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Exotic, elusive, and dangerous, snakes have fascinated humankind for millennia. They can be hard to find, yet their...
Researchers have sequenced and analyzed the first two snake genomes, which represent two evolutionary extremes. The...
Snake venoms are remarkably complex mixtures that can stun or kill prey within minutes. But more and more researchers...
At age 30, Dutch biologist Freek Vonk has built up a respectable career as a snake scientist. But in his home country,...
Since arriving on the island of Guam in the 1940s, the brown tree snake ( Boiga irregularis ) has extirpated native...
An animal rights group known as the Nonhuman Rights Project filed lawsuits in three New York courts this week in an...
Researchers have been hot on the trail of the elusive Denisovans, a type of ancient human known only by their DNA and...
Thousands of scientists in the Russian Academy of Sciences (RAS) are about to lose their jobs as a result of the...
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Small Win for Wisconsin in Stem Cell Fight
28 February 2008 (All day)
With a government decision upholding an important 2006 patent on human stem cell techniques, biomedical researcher James Thomson and his school, the University of Wisconsin, Madison, have won the latest skirmish in a long-running conflict over patents.
The battle began 2 years ago when PubPat, a New York City-based nonprofit, joined with the Foundation for Taxpayer and Consumer Rights to challenge the patent and two others owned by the university-affiliated Wisconsin Alumni Research Foundation (WARF). Earlier this week, the U.S. Patent and Trademark Office (PTO) released an 85-page decision that upholds the patents yet narrows their scope slightly. "We're very pleased," says WARF's managing director, Carl Gulbrandsen. "We believed from the very beginning that Thomson’s discoveries were patentable."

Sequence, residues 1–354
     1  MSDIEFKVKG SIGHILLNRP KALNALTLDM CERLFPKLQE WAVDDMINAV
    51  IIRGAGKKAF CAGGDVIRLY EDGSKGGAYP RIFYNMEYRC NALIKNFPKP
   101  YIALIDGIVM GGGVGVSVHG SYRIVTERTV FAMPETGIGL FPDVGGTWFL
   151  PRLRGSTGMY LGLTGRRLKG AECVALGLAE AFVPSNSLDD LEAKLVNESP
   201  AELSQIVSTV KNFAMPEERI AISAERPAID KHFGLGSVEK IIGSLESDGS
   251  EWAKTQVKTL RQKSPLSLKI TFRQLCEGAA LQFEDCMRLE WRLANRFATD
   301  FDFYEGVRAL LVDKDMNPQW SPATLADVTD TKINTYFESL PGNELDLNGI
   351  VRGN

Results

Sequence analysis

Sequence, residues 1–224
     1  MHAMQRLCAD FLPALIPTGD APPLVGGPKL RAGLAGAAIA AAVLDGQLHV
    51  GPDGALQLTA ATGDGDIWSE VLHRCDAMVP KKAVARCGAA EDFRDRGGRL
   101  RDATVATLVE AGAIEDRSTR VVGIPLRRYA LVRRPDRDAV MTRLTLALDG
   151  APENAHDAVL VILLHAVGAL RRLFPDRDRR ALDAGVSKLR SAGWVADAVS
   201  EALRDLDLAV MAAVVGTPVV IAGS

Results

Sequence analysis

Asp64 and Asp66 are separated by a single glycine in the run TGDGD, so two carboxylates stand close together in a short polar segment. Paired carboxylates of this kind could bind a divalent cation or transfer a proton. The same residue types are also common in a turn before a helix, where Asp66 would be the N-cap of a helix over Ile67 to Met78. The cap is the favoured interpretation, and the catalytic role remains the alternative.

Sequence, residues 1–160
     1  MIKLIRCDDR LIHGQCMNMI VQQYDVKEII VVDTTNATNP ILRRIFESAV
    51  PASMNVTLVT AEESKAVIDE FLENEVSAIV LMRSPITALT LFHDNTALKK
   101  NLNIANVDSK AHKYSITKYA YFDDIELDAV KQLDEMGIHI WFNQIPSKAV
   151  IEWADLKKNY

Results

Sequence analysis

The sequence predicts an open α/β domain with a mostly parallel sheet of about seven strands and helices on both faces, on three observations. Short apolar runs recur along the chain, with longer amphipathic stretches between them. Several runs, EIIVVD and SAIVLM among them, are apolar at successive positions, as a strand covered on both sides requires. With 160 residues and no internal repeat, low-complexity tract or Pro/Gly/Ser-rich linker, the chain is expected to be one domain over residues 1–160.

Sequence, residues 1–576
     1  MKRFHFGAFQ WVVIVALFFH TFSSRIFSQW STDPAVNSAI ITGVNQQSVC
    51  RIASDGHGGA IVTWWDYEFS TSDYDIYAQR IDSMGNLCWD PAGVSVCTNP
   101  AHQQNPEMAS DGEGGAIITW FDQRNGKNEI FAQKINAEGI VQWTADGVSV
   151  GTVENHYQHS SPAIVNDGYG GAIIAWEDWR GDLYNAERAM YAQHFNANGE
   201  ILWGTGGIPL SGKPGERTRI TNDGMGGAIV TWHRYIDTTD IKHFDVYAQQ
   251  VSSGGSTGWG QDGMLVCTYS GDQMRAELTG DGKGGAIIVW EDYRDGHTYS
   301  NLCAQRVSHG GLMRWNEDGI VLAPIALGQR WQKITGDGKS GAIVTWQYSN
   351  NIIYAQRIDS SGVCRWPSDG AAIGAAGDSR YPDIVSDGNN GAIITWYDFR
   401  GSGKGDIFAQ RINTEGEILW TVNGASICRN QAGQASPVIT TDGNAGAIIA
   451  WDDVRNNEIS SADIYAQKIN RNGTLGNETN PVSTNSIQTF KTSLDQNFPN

In their effort to challenge the patent, WARF's opponents argued that Thomson's work was obvious when he performed it in the 1990s. Four prominent stem cell scientists--Jeanne Loring of the Scripps Research Institute in San Diego, California; Alan Trounson, now president of the California Institute for Regenerative Medicine, headquartered in San Francisco; and Douglas Melton and Chad Cowan of Harvard University--filed affidavits saying that published techniques that already existed for producing mouse stem cells rendered Thomson's work obvious. But the patent examiner rejected those arguments earlier this week, saying that the published science in the 1990s was too "unpredictable" to lead someone to try making human stem cells "with a reasonable expectation of success." Plus he questioned whether Loring and Trounson were "disinterested" because they have tried to patent stem cell techniques.
"The battle is hardly over," groups that had originally challenged the patent said today in a press statement. They plan to appeal the decision. The 2006 patent relies on the two others that the groups challenged, which were granted in 1998 and 2001 and are currently under review by PTO. Decisions invalidating those patents could severely weaken the 2006 patent, despite its solid position today.